Investigation of an Unusual Crystal Habit of Hydrochlorothiazide Reveals Large Polar Enantiopure Domains and a Possible Crystal Nucleation Mechanism

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DOI

  • Sajesh P. Thomas
  • Arnaud Grosjean, University of Western Australia
  • ,
  • Gavin R. Flematti, University of Western Australia
  • ,
  • Amir Karton, University of Western Australia
  • ,
  • Alexandre N. Sobolev, University of Western Australia
  • ,
  • Alison J. Edwards, Australian Nuclear Science and Technology Organisation
  • ,
  • Ross O. Piltz, Australian Nuclear Science and Technology Organisation
  • ,
  • Bo B. Iversen
  • George A. Koutsantonis, University of Western Australia
  • ,
  • Mark A. Spackman, University of Western Australia

The observation of an unusual crystal habit in the common diuretic drug hydrochlorothiazide (HCT), and identification of its subtle conformational chirality, has stimulated a detailed investigation of its crystalline forms. Enantiomeric conformers of HCT resolve into an unusual structure of conjoined enantiomorphic twin crystals comprising enantiopure domains of opposite chirality. The purity of the domains and the chiral molecular conformation are confirmed by spatially revolved synchrotron micro-XRD experiments and neutron diffraction, respectively. Macroscopic inversion twin symmetry observed between the crystal wings suggests a pseudoracemic structure that is not a solid solution or a layered crystal structure, but an unusual structural variant of conglomerates and racemic twins. Computed interaction energies for molecular pairs in the racemic and enantiopure polymorphs of HCT, and the observation of large opposing unit-cell dipole moments for the enantiopure domains in these twin crystals, suggest a plausible crystal nucleation mechanism for this unusual crystal habit.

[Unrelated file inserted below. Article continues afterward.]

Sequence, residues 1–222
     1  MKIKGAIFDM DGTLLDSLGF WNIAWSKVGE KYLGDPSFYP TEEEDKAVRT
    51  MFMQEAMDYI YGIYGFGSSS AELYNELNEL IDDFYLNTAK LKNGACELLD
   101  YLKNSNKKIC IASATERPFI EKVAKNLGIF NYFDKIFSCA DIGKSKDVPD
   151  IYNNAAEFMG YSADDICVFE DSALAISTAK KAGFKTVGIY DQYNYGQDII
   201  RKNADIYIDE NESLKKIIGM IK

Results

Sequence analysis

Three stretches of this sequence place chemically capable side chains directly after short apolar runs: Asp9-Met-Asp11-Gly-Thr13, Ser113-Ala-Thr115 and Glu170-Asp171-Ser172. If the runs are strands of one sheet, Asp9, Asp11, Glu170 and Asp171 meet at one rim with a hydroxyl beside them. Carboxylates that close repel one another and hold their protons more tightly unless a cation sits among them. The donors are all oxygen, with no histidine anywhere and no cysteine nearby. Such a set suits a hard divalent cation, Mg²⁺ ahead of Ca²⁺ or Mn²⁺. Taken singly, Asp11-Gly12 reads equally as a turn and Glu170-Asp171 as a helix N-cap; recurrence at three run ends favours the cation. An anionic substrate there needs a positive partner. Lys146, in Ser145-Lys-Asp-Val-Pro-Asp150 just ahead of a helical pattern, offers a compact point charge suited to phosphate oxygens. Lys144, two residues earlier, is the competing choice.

Original languageEnglish
JournalAngewandte Chemie - International Edition
Volume58
Issue30
Pages (from-to)10255-10259
Number of pages5
ISSN1433-7851
DOIs
Publication statusPublished - Jul 2019

    Research areas

  • chiral resolution, crystal engineering, crystal growth, enantiomorphs, X-ray diffraction

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